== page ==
On his life outside menswear: My wife and I do a lot of traveling. Actually, we are living a sort of nomadic life. We don’t own a home or have a lease on any sort of housing. We are tethered to a kinetic lifestyle. I am constantly listening to podcasts and reading about marketing. Ah, and of course my love of coffee. I love everything about it: the different brewing methods, the different roasts, the culture.

Phillip Salem, Owen

Phillip Salem
Phillip Salem always knew he wanted to run his own store. So when he graduated from The Fashion Institute of Technology, he wrote a business plan and opened Owen in Manhattan’s Meatpacking District in 2012. Menswear at Owen is a smaller part of his business, but he’s currently selling brands like 3.1 Phillip Lim, Acne and Tim Coppens.
On how to make business better: The menswear industry needs to take more risks. There are so many options for women in regard to “going out” pieces or statement looks that are comfortable with just the right amount of punch. Menswear is quite limited because a lot of designers feel there isn’t a customer for it.  However, there are a handful of designers, many which I carry, that cater to a forward, late-20/ early-30-year-old creative professional.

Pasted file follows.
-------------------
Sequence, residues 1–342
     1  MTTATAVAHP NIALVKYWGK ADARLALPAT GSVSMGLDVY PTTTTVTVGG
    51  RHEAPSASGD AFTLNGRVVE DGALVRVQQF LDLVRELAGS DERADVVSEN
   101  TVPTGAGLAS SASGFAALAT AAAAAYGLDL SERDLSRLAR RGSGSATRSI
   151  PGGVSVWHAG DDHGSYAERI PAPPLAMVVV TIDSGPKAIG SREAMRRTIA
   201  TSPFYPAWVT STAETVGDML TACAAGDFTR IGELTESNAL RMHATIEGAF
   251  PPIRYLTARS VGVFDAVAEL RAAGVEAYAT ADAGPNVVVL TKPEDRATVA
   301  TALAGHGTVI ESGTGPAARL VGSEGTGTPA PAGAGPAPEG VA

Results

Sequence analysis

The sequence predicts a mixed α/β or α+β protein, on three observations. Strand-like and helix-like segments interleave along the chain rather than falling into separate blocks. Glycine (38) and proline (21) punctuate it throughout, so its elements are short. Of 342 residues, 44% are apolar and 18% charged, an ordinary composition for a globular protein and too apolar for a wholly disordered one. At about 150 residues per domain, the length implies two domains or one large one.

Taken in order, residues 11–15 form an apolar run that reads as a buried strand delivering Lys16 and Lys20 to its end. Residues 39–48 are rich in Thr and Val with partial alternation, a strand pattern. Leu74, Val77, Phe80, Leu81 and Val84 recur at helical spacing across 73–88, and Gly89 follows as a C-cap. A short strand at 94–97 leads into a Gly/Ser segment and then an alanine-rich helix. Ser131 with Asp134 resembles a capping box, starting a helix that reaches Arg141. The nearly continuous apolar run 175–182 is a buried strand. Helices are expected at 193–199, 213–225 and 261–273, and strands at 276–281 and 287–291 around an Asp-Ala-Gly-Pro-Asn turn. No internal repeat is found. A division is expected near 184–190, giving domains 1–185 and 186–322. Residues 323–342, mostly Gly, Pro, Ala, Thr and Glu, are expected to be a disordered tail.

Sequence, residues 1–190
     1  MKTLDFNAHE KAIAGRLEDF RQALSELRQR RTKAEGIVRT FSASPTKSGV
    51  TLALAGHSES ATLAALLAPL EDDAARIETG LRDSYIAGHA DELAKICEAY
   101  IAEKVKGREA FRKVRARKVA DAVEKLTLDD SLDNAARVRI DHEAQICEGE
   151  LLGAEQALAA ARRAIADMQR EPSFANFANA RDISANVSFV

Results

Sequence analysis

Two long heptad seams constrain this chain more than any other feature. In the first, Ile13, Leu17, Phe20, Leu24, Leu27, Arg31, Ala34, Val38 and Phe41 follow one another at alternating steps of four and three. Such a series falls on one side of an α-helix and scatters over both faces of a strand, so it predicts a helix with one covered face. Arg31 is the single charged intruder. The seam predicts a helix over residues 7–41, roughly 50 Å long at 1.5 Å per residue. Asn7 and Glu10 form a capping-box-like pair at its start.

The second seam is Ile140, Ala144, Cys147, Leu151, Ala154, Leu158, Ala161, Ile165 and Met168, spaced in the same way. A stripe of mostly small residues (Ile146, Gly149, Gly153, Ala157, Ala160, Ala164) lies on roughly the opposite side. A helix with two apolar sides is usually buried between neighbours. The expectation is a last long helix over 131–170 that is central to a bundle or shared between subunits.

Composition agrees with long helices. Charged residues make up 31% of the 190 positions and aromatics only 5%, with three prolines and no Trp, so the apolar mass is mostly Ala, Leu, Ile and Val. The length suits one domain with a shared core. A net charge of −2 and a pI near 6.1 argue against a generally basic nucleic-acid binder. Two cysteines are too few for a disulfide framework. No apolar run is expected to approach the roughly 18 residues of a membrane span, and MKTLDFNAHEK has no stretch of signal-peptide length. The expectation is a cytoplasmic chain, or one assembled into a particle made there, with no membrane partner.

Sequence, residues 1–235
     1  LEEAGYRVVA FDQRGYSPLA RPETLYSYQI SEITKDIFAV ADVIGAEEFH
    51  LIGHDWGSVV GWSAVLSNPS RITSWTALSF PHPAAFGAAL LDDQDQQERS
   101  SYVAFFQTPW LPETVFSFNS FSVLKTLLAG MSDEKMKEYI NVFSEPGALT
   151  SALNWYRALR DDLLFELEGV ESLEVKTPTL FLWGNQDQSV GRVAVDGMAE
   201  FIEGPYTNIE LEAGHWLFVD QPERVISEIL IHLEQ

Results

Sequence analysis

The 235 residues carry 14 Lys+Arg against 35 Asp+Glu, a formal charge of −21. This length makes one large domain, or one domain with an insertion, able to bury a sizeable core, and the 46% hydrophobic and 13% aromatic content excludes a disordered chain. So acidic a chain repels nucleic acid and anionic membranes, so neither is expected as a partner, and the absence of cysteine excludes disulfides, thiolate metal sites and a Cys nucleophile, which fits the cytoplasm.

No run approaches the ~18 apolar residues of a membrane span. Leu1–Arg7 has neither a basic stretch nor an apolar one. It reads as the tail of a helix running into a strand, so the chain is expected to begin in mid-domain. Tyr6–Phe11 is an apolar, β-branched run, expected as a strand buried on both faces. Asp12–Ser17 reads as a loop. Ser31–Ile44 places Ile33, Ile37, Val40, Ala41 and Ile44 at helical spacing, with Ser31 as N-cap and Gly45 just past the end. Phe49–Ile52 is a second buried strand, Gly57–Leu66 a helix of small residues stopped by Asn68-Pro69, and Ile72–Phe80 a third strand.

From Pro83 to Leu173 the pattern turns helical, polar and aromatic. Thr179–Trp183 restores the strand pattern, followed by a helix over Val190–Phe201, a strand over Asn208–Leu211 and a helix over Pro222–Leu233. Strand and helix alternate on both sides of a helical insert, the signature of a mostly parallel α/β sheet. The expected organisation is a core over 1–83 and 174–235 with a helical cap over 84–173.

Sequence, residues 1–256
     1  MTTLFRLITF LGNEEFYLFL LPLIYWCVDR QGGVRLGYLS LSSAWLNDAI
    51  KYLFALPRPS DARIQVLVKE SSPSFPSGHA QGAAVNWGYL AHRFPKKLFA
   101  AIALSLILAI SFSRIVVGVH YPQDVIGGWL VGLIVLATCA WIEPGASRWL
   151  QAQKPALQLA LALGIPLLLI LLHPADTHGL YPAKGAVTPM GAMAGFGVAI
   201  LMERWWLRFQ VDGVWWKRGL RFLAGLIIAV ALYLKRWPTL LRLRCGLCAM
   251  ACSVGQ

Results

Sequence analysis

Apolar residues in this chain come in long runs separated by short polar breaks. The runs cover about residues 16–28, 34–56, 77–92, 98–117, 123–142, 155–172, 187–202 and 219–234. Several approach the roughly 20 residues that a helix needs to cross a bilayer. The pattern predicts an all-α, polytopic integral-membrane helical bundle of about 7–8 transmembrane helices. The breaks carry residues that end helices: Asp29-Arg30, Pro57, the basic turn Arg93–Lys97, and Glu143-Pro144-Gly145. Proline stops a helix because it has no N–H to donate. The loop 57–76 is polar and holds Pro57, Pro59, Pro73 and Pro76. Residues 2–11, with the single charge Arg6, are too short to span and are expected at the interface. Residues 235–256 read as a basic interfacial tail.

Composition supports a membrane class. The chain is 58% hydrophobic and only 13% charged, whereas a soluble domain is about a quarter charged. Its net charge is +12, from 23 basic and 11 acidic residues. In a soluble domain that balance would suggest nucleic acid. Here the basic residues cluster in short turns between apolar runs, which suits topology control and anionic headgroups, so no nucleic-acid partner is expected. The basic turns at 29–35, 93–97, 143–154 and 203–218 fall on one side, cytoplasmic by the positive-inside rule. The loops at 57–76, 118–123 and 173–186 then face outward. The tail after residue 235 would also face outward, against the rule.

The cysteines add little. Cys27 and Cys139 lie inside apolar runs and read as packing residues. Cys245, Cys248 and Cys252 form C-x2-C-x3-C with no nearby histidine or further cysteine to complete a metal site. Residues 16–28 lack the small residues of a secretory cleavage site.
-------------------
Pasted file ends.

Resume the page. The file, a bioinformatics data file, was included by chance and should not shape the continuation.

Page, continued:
On his style icon: Drew Ginsburg, the designer and creative director of Dylanlex. She is the epitome of a confident class act! And on top of it, she is the nicest person in the world.
On hobbies outside menswear: Dancing. My friend Mila does private dance lessons with me at least once a month. It’s such a release and it takes me away from the thought of clothes, customers and budgets.
On where he’ll be in 25 years: In 25 years, I hope to have 25 stores. I am a big dreamer!

Genevieve Ascencio, Factory PR